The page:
said, he was glad the right hon. Gentleman had endeavoured to impress upon the Government the propriety of putting an end to all the difficulties to which reference had been made, by repealing the Acts in question, which inflicted a punishment upon the whole body of the Press because some of its members might possibly be guilty of a violation of the law. What would be said if every physician were bound to give security that he would not poison his patients? Surely it was sufficient to punish him if he did poisen them. His purpose in rising was to express a hope that if the Government could not bring in a measure of the kind proposed this Session, they would at least suspend fill prosecutions under these Acts, which were generally condemned by public opinion, which it had been found impossible to enforce impartially, and which, therefore, operated most unjustly upon those who were prosecuted under them; often by: individuals without the concurrence of the Attorney General and of the Board of Inland Revenue.


said, the real principle upon which these Acts of Parliament were passed was for the general protection of the State against attacks which might be made by persons who were not in a position to pay the penalties imposed upon those guilty of violating the law. It was found that when persons started publications attacking the State or private individuals there was considerable difficulty in tracing the owners of those publications, and in recovering the penalties when the owners were discovered and prosecuted. Under these circumstances he desired to maintain the law as far as it was useful and proper, by compelling the owners of publications to register them selves, and to give security for the payment of penalties which might be inflicted upon them in the event of their violating the law. He thought that the preventive element was a valuable ingredient in any code. There might, of course, be some ground for altering the law as it now stood, but he did not think these Acts should be altogether abolished, by which all safeguards against libels injurious to the State or ruinous to the private character of individuals would be done away with. The principle was, that where a violation of the law was committed there should be a solvent party to proceed against. But if any different law, or administration of the law, could be introduced which might protect private character from slander and libel, at the same time that it protected the Press, by all means let that be carried into effect. It did not, however, follow that because the present law could not be fully enforced it was a bad law. It was said that the law was a limited law, and that if the paper was of a certain size, or was sold at 6d., it was not within the range of the law. But the fact of its ex tent and price gave it a certain amount of respectability, and was a kind of guarantee that if an action should be brought there would be the means of recovery against the proprietor. His desire was to keep up the respectability as well as the liberty of the Press—to have a good, sound, strong Press, against which, if the law were violated, they could proceed; so that, while protecting the Press, they should protect themselves.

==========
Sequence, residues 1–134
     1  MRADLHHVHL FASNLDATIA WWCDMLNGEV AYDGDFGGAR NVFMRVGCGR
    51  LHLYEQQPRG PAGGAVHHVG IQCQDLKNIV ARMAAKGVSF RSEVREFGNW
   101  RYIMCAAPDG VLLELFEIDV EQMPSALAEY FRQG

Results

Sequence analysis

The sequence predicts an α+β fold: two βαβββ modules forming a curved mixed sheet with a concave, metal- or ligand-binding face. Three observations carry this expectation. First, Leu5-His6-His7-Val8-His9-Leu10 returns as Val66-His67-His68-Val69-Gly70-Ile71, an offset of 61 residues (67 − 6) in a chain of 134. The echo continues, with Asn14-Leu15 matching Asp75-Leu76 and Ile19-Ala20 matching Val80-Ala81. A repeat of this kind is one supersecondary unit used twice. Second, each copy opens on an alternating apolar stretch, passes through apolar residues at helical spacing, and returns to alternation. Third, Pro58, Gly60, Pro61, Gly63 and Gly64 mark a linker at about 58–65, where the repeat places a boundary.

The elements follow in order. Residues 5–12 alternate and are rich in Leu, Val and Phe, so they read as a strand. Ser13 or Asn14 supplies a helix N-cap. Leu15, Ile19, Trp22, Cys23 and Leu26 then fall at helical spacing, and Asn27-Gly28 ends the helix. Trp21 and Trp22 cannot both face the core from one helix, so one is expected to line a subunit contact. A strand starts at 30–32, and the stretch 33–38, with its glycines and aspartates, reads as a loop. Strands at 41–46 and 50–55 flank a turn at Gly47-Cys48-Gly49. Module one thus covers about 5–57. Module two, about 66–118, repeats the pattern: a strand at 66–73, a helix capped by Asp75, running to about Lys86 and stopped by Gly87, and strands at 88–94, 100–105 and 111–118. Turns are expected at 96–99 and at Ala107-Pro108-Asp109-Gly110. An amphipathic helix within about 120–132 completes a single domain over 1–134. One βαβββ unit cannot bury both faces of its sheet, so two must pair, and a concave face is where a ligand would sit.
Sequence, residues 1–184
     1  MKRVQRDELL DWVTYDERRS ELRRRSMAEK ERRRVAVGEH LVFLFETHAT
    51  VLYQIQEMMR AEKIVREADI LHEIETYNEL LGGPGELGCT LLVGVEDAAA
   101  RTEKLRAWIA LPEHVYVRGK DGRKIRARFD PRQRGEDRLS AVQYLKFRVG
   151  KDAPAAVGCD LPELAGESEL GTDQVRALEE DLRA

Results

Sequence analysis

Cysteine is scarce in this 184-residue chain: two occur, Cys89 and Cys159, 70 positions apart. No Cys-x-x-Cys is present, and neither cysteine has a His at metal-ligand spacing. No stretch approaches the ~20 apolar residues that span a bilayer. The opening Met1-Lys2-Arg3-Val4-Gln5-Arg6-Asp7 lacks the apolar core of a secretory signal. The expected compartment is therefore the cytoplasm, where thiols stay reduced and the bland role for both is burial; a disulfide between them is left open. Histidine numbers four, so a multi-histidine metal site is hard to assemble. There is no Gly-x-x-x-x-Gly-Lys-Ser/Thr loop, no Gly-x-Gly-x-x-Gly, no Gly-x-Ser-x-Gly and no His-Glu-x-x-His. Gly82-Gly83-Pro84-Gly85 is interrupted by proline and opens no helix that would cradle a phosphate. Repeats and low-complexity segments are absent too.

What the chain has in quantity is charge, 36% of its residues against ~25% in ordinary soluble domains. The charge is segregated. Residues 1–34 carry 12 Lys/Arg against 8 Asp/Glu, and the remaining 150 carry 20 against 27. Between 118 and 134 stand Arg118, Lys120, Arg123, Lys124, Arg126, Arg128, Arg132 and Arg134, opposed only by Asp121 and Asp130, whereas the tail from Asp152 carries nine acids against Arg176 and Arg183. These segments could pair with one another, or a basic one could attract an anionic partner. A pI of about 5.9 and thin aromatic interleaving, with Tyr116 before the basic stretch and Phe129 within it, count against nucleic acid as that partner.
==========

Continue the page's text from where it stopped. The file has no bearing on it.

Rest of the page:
said, he was rather amused at his hon. and learned Friend's notions of respectability. It used to be said that a man was respectable when he kept a horse and gig; but he (Mr. Craufurd) thought it was quite impossible to define the respectability of the Press by a mere reference to price. If a man published a newspaper in which there was blasphemy, was it to be said that the conductors of that newspaper were respectable because they sold the blasphemy for 6d. instead of 3d.? He did not see why the publication of newspapers should be put upon a different footing from any licenced trade. Why was the man who published a newspaper not only to be registered and to give his address, in order that he might be found out, but to give securities that he would not commit an indictable offence? The whole thing was perfectly absurd and ridiculous. The imprint, which gave the name and address of the publisher, was a sufficient protection, and it was unjust to demand any further security. The fact was that the restrictions upon the liberty of the Press arose entirely from political causes, and dated from the time when everything likely to enlighten the people was tabooed. They were told that the fact of the law not being enforced was no proof that it was a bad one; but if the law was good it ought to be fairly and impartially administered against all persons, and he asked how many pamphlets, written by noble Lords and others, were registered? In point of fact, it was left to informers to put the law in motion, and then, especially in political cases, or in cases in which the matter complained of affected the Law Officers of the Crown, the whole force of the law was brought down to crush the unfortunate newspaper proprietors. The interest of the public would be sufficiently protected by a simple system of registration which would enable individuals to punish libellers, instead of which the law was surrounded by such, intricate legal meshes that nobody could understand it. If it was good it ought to be administered. Let everybody be dealt with in a fair and straightforward manner, and let them no longer leave in the hands of the Law Officers the arbitrary and unconstitutional power which they now possessed.

Main Question, "That Mr. Speaker do now leave the Chair," put, and negatived.

Committee deferred till Monday next.